IT departments can and do spend a good deal of their efforts on insuring no system downtime. Help desks are kept fairly busy with answering questions, troubleshooting, and physically going into the field. Maintaining vast amounts of workstations and applications is time consuming and not a very good use of engineering staff. The time, energy and expense of maintenance could instead be put towards creating new solutions for business growth.
Virtualization can help relieve the backlog of support issues. In the past applications would need to be installed on distinct physical servers and couldn't be moved or changed without the arduous task of uninstalling and doing a complete reinstall on another computer. But now, virtualization allows the application or service to be completely separate from the hardware it supports. (Aberdeen 2013)
"Virtualization software can be added to the server, applications can then easily be migrated to a new computer for better performance, protection from downtime or hardware maintenance. The result is higher application performance, increased uptime and greatly reduced amounts of IT administration."
How does Server virtualization work?
Server virtualization adds a software layer, called a hypervisor, on top of the physical hardware. On that layer, multiple operating system/application stacks (called VMs, short for virtual machines) can be deployed, the number being limited by the server's ability to process them all effectively.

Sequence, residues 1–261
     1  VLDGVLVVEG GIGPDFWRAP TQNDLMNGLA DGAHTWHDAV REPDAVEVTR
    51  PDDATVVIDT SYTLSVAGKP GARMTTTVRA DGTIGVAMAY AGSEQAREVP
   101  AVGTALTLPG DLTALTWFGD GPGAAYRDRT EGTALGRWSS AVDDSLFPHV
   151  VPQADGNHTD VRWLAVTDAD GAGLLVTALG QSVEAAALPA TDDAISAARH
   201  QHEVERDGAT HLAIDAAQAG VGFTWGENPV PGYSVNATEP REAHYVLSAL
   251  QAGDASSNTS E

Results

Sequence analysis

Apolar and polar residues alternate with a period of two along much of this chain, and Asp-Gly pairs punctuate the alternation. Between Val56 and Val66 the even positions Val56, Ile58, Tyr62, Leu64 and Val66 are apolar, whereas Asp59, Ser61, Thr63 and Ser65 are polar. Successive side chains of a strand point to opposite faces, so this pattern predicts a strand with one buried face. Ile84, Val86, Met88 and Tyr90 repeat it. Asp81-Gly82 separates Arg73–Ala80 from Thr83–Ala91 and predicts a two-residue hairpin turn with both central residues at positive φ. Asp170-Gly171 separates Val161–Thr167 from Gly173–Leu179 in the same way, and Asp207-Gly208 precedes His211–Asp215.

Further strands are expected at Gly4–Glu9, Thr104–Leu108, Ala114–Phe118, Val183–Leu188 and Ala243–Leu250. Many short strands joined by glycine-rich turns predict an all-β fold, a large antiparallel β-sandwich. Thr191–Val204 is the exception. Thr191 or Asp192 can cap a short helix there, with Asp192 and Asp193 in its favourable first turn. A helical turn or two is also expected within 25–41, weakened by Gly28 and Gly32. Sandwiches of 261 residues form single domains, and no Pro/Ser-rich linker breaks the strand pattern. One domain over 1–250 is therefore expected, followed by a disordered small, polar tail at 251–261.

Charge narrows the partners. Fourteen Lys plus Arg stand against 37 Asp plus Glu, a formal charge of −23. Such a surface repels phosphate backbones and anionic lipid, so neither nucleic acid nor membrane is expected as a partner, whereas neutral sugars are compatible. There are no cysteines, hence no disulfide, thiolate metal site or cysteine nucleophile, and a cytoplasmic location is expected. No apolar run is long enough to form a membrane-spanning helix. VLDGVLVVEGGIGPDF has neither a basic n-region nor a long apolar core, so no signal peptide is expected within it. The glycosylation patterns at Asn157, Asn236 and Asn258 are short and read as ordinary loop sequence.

"Not only can you get more applications per server (reducing the number of servers, admin., power, cooling, & space in the datacenter) but now the applications can be easily moved from one server to another."
Virtualization of storage frees users from the limits of physical space. The actual location of data could theoretically be anywhere suitable and safe. The virtualization system presents to the user a logical space for data storage and handles the process of mapping it to the actual physical location.
Organizations save thousands of dollars by reducing the number of large data storage (SANS)units that are needed. They also simplify management of storage by using one application, instead of having on average 3 separate management applications.
"Most Desktop virtualization technologies move application computing to the datacenter. The desktop device is used only to capture keystrokes, mouse moVeeaments and screen paints. Data is kept on the central storage devices, allowing it to be professionally backed up and protected against loss or theft. If new applications need to be deployed, they are installed on the server once for those with the required privileges to access as needed." (Aberdeen, 2013)
Gartner (2014) Predicts 2014: Business Continuity Management and IT Disaster Recovery Management Retrieved August 10, 2014 from http://www.gartner.com/doc/2630027
Ready.gov (2014) IT disaster recovery plan. Retrieved 8/11/2014 from http://www.ready.gov/business/implementation/IT